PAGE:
Kitchen Garden Seeds

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Kale

Ancient Egyptians believed that Kale had magical properties, not the least of which was a cure for hangovers. We cannot guarantee this remedy, but we do know that Kale is easily grown by even the most black-thumbed gardener. Direct-sow or raise transplants in late summer for fall and winter harvest since Kale becomes sweet and tender after being hit by a couple of frosts. This nutrient-packed vegetable grows quickly and is ideal for baby greens, trimmed when young to toss into salads. Or harvest larger leaves a few at a time; the plant will keep producing, over-wintering reliably in many regions. Deer resistant.

Average seed life: 3 years.

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Gardening Tips

Kale Sowing Instructions
Planting Depth
: ¼”-1/2"
Row Spacing: 18”-24”
Seed Spacing: 2”-4”
Days to Germination: 5-10 days
Germination Temperature: 45°-75°F

This leafy member of the Brassica family prefers cool weather for optimal growth. Start Kale in the spring as soon as the soil can be worked or in late summer for fall and winter harvest. You can grow Kale in partial shade as long as it gets at least 4 hours of mid-day sunlight. When growing as individuals, thin to 12" to 16" apart. Or, broadcast seed to harvest in the “cut and come again” method. Kale prefers well-draining, moderately fertile soil amended with compost and/or wellrotted manure. Seedlings thrive in evenly moist soil and enjoy occasional supplemental feedings of organic fertilizer. Hardy and pest-resistant, Kale becomes more tender and sweet after being kissed by frost. Harvest large leaves by cutting them at the base, leaving the plant to keep producing. Harvest as “cut and come again” greens when plants reach a height between 3" to 6".

A Boost For Brassicas
Kale and other leafy Brassica crops such as Cabbage, Broccoli, Arugula and Tatsoi all benefit from an extra dose of nitrogen. Forgo the chemical sources and look for what nature has put together for you. Aflalfa meal, blood meal, crab meal, soybean meal and cottonseed meal - these are all great nitrogen sources. The best time to give the crops their dose of "Vitamin N" is in early spring, at planting time. Follow the directions on the bag for the correct amount and work the product into the top 3" to 4" of soil. Then, put in your transplants or seeds and water thoroughly. Healthy, dark green leaves will be your report card and your reward.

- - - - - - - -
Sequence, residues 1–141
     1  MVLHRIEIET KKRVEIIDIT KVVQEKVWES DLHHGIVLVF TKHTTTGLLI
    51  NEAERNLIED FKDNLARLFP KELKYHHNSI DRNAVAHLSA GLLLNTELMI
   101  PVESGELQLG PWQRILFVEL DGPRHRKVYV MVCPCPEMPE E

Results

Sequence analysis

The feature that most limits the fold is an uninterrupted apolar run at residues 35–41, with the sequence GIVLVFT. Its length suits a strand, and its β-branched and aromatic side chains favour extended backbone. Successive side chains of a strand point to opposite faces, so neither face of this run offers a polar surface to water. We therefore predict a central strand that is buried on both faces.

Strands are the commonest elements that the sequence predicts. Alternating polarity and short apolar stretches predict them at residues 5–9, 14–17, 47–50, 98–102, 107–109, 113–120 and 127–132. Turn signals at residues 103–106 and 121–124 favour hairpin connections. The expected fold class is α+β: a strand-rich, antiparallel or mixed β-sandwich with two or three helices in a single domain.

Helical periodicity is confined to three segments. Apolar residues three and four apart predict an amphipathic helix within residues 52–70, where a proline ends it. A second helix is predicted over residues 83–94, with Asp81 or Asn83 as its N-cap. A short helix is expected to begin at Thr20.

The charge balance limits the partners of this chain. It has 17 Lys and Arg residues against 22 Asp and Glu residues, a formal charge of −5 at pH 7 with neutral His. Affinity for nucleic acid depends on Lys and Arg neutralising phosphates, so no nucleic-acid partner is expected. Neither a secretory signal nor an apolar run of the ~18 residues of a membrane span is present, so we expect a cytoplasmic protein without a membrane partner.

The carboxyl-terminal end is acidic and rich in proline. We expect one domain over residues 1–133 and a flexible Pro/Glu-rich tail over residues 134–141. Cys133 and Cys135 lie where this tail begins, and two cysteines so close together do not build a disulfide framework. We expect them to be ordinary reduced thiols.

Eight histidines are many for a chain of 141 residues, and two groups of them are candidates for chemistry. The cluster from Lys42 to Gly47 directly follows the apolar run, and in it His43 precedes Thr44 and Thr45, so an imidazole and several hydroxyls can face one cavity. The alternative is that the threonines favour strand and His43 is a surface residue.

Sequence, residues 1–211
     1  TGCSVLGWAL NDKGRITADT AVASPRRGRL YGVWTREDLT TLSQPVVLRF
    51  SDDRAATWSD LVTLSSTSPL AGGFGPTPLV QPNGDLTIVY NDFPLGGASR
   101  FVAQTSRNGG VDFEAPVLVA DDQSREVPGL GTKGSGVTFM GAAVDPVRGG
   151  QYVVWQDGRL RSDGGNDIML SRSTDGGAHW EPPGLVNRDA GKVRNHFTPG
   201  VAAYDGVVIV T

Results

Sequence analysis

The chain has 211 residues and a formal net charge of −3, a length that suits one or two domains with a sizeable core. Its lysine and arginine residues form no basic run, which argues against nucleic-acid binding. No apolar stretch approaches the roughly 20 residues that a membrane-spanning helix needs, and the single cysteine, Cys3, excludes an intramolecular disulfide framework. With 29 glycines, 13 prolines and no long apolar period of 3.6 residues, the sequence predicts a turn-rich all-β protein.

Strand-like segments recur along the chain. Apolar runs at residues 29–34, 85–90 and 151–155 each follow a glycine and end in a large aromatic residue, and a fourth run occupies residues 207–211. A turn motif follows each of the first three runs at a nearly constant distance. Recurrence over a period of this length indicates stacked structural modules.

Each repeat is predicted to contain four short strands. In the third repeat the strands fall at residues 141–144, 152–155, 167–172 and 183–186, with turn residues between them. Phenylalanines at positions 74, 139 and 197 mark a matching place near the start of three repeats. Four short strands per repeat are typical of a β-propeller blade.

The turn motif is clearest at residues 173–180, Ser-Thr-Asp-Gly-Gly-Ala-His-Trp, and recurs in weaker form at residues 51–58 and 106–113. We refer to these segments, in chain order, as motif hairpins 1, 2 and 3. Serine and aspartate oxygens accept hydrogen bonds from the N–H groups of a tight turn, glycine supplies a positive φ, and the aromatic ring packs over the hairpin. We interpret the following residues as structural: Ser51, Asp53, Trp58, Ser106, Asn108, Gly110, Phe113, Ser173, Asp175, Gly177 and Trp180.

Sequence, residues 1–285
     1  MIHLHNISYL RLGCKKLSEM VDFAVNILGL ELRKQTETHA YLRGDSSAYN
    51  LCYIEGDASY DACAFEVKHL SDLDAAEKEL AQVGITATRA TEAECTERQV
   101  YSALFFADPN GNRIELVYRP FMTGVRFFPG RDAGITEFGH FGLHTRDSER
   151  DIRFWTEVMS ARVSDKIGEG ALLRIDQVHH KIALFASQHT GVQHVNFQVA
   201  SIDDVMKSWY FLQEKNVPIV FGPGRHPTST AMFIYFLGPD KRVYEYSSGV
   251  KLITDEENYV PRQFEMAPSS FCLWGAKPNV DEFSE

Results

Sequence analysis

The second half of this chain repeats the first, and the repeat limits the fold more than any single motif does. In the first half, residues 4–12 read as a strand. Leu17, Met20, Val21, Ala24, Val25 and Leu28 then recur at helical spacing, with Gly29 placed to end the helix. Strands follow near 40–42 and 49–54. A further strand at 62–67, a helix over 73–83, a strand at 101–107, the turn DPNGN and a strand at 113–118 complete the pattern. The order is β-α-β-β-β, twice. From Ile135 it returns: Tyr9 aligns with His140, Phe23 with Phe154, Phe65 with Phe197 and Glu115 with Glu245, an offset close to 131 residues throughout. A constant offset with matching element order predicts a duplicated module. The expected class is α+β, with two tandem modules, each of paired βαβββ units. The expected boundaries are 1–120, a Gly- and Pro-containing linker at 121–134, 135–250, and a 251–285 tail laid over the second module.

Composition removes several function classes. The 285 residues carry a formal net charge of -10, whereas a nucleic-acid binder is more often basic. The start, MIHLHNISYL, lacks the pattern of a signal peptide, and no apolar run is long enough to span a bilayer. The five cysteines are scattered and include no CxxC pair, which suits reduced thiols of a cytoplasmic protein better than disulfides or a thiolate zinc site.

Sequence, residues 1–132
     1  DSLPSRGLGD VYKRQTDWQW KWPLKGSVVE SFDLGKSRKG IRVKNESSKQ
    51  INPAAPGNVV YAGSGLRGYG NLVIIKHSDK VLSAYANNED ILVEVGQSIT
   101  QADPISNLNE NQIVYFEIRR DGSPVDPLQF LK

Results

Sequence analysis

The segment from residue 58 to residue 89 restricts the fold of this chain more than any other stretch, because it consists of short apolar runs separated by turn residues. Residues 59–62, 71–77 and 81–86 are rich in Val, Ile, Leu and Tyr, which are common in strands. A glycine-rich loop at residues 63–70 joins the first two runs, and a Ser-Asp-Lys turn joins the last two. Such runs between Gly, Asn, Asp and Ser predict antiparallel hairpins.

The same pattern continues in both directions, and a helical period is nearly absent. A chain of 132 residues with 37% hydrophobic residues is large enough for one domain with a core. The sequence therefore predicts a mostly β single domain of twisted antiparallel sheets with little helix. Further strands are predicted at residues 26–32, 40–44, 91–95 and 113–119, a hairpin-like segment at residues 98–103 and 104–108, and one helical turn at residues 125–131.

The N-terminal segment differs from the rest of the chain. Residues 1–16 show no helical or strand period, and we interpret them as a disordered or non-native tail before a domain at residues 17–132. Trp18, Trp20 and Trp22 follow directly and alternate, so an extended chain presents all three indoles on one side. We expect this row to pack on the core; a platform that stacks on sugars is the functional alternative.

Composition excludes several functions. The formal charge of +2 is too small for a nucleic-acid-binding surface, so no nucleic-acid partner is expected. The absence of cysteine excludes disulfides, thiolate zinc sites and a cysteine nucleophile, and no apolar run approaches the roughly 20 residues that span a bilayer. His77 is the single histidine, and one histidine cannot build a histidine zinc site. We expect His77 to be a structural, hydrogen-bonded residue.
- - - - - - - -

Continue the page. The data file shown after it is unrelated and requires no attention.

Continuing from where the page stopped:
Hail to the Hardy Greens
Most garden greens can hardly wait for cool weather to come. They perk up and sweeten up as the mugginess of August fades away. Crops such as Spinach, Arugula, Claytonia and Mâche, if protected by a cold frame or simple unheated greenhouse, survive the winter in cold climates, to be cut and re-cut for a continuous harvest. Sow them in September in the north, October in warmer parts of the country. They do best hunkering down, close to the earth. Lettuce and Endive over-winter best when cut at baby leaf size rather than full-sized heads.

Kale, Collards and Brussels Sprouts fare better if grown to full size and left outdoors to soldier on as long as they can, since they do not re-grow if cut back in winter. We can often harvest them for our Christmas table, even in snowy Maine.

Everyone's Delicious Darling: Kale

Shade Tolerance